According to IMDB, there are 23 movies titled “Macbeth”. Add in the couple that have other words in the title and you have yourself a hell of a lot of competition. With so many takes on this Shakespearian tale, you pretty much have to say the year or the director with the title to ensure that whoever you are talking to is on the same page. Interestingly enough, in this case, you would need to say the year AND the director, because Orson Welles put out two cuts of Macbeth, in 1948 and 1950. Fortunately for us, Olive has opted to include both versions in this stellar Olive Signature set. So let’s take a look!
The Movie Itself (3/5)
So, for those who weren’t paying attention in English during highschool, Macbeth is the story of a Scottish noble, who makes a big mistake by listening to his super hot wife.
Ok, so there’s more to it than that. During the 11th century, Macbeth is driven by a witch’s prophecy and the prompting of his wife to take on treason and name himself king. Of course, witches just cannot be trusted, and claiming a crown is not where Macbeth’s story ends, but I’ll let you witness the scene yourself when you see this movie (it’s one of the more intense and interesting points in the film).
Orson Welles, who directed and starred in Macbeth was very much a fan of the project. So much so in fact that he preceded the film by a series of stages performances, which, depending on who you talk to, may have been better than either of the cuts that made it to home video. Regardless, two full cuts of the film were released in 1948 and 1950, and both are in this set.
The two cuts differ by only about eight minutes of screen time, but the 1950 shorter version removes some lines spoken with obnoxious accents. Being a Shakespearean story, the dialog is a bit rough to get through at times, but for me, the accents weren’t too egregious. Your mileage may vary, though.
The biggest difference between Welles’ Macbeth and the vast slew of others is the style of film, and the style that Welles’ used to make it. In fact, this film is almost like a play caught on camera, taking the set pieces and feeling of a stage play, but with the cinematography and camerawork for the silver screen. Either way, this one is a bit more artsy than Hollywood, and Welles’ actually got a degree of backlash for this.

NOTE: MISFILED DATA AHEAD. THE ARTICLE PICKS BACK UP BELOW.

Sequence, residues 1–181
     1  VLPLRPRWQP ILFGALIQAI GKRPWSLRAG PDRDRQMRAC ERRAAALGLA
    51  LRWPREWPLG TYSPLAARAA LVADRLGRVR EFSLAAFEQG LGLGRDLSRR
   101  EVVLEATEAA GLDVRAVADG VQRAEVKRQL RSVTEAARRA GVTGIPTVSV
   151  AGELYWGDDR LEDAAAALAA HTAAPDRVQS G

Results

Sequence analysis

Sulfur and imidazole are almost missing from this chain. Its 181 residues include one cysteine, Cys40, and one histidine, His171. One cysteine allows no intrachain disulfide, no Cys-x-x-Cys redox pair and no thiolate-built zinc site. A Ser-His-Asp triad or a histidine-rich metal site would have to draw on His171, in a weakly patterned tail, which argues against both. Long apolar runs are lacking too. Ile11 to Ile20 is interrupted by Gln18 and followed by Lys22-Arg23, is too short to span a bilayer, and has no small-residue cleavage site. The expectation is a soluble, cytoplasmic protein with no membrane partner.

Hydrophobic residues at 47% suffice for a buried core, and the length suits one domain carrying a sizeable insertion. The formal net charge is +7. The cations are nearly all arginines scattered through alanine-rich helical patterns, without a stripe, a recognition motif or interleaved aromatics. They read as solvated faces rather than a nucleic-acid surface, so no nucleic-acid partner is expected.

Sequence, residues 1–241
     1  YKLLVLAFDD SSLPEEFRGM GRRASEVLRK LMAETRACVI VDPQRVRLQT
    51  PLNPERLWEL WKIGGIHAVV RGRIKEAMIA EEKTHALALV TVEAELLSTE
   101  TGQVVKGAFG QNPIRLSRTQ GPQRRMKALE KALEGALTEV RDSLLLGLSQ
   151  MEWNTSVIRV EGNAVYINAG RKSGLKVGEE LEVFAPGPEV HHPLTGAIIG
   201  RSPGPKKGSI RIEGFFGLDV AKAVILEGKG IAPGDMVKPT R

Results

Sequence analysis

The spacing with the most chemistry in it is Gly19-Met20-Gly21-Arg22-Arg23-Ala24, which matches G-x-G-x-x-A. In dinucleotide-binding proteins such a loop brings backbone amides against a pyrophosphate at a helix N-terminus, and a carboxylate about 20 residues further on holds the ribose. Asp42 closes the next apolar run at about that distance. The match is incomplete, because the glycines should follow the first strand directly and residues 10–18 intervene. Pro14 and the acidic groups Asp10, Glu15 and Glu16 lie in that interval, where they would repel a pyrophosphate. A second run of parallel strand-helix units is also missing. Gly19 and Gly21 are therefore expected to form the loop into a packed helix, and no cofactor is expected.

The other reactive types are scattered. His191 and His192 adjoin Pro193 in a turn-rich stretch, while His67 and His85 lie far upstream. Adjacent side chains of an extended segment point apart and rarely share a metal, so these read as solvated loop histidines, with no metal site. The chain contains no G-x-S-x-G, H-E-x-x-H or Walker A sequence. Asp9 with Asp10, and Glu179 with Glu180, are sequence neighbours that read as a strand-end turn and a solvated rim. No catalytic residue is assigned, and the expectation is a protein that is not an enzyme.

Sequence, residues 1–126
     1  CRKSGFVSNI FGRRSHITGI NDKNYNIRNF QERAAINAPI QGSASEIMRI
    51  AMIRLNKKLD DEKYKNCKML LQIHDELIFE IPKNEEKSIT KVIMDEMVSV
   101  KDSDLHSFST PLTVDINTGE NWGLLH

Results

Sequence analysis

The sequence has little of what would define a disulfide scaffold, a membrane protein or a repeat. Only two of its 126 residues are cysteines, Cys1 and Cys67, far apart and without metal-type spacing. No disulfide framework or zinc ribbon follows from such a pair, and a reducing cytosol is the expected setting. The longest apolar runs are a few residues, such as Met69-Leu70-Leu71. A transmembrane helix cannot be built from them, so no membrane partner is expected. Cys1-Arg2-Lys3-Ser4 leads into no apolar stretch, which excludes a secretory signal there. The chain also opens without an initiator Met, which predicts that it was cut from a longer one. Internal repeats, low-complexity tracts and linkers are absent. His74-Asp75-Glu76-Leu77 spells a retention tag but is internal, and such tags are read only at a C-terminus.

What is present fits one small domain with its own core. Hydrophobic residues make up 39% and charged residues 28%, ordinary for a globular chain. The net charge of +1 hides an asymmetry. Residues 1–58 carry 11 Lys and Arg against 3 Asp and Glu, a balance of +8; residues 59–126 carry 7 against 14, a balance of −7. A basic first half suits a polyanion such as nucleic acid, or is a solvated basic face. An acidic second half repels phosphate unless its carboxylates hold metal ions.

This take on a classic story takes some liberties along the way, but ends up being an interesting watch. This one will be a bit dry for a lot of viewers, I think, but hey, that’s Shakespeare.
Visuals/Picture Quality (4/5)
Movies that were filmed close to 70 years ago can be severely hit or miss, depending on how the various prints have been handled over the years. I am pleased, however, to say that holy hell, the picture looks great. There’s definitely grain and some drops in quality here and there, but overall I was impressed at how well it’s held up. I can’t imagine anyone having too many complaints here at all. Well done, Olive!
Score/Audio Quality (4.5/5)
The audio for both cuts of the film is also quite good. Apart from the accents and speed in which the actors are speaking (about a mile and a half a minute), everything was clear and satisfying. I would recommend turning on subtitles on this one though, the combination of language and accent can make it hard to keep up.
Special Features (5/5)
Olive, once again, has packed a diverse and interesting set of special features, which truly sets their Signature line apart. Included in this set are:
- Two cuts of the film, the 107 minute 1948 cut, and the shorter (at 99 mins) 1950 version, both in 1080p
- Commentary on 1948 version with Orson Welles’ biographer Joseph McBride
- Welles and Shakespeare – an interview with a professor who discuses in depth Welles’ work on Shakespeare
- Adapting Shakespeare on Film – Two directors, Carlo Carlei and Billy Morrissette discuss why Welles’ film is important.
- We Walk Again – A section of an older documentary which includes parts of Welles’ stageplay of Macbeth.
- That Was Orson Welles – An interview with actor/director/writer Peter Bogdanovich about his experiences meeting Welles.
- Restoring Macbeth – An interesting look at the choices made while restoring old films.
- Free Republich: Herber J. Yates and the Story of Republic Pictures – A history of Republic Pictures
- Orson Welles’ Macbeth and booklet – A booklet with several pictures and essay on the film.
I absolutely love it when a distributor has a look and feel to their releases that ties them all together. Numbered spines are addicting and great for collectors, but I’ve seen a few too many “sets” that just don’t look collected together on the shelf. Having said that, Olive Signature is absolutely nailing it. With great looking slipcovers (even if they are slightly deeper than the case, I can get past that), numbered spines, gorgeous clear cases, and attractive branding all around, it’s safe to say that I’m in love with this line. This is the type of packaging that will definitely draw in people’s attention, and I applaud Olive for it.
- Aspect ratio: 1.33:1
- DTS-HD Master Audio 2.0
Runtime 107 Mins
With an absolutely top notch presentation, Olive brings a Shakespearean classic to their Signature lineup and nails it out of the park with the extra features. This is the type of film that I can see picking up as a blind buy to complete an Olive Signature set, so if you are one of those people, you’re already getting this film. Anyone else with an interest in Orson Welles’ take on the classic (and people should, it’s definitely unique) should definitely buy this set. I can’t imagine a better presentation with both cuts of the film in one place.
You can pick it up here.
Note: This Blu-ray was sent to us for review. This has not affected our judgement or editorial process in any way. Please contact us if you have any questions regarding this process.